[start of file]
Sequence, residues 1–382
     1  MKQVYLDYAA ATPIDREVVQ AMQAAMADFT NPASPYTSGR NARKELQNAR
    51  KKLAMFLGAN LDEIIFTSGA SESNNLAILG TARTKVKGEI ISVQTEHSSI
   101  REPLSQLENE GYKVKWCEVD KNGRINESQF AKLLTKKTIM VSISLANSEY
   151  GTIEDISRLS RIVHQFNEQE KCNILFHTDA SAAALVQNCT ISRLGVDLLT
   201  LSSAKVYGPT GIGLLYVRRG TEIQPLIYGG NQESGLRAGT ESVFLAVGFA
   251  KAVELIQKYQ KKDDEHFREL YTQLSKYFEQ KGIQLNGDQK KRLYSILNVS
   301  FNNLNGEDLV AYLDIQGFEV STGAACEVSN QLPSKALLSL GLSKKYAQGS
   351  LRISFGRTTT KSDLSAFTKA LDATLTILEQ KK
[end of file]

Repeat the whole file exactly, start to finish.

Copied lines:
Sequence, residues 1–382
     1  MKQVYLDYAA ATPIDREVVQ AMQAAMADFT NPASPYTSGR NARKELQNAR
    51  KKLAMFLGAN LDEIIFTSGA SESNNLAILG TARTKVKGEI ISVQTEHSSI
   101  REPLSQLENE GYKVKWCEVD KNGRINESQF AKLLTKKTIM VSISLANSEY
   151  GTIEDISRLS RIVHQFNEQE KCNILFHTDA SAAALVQNCT ISRLGVDLLT
   201  LSSAKVYGPT GIGLLYVRRG TEIQPLIYGG NQESGLRAGT ESVFLAVGFA
   251  KAVELIQKYQ KKDDEHFREL YTQLSKYFEQ KGIQLNGDQK KRLYSILNVS
   301  FNNLNGEDLV AYLDIQGFEV STGAACEVSN QLPSKALLSL GLSKKYAQGS
   351  LRISFGRTTT KSDLSAFTKA LDATLTILEQ KK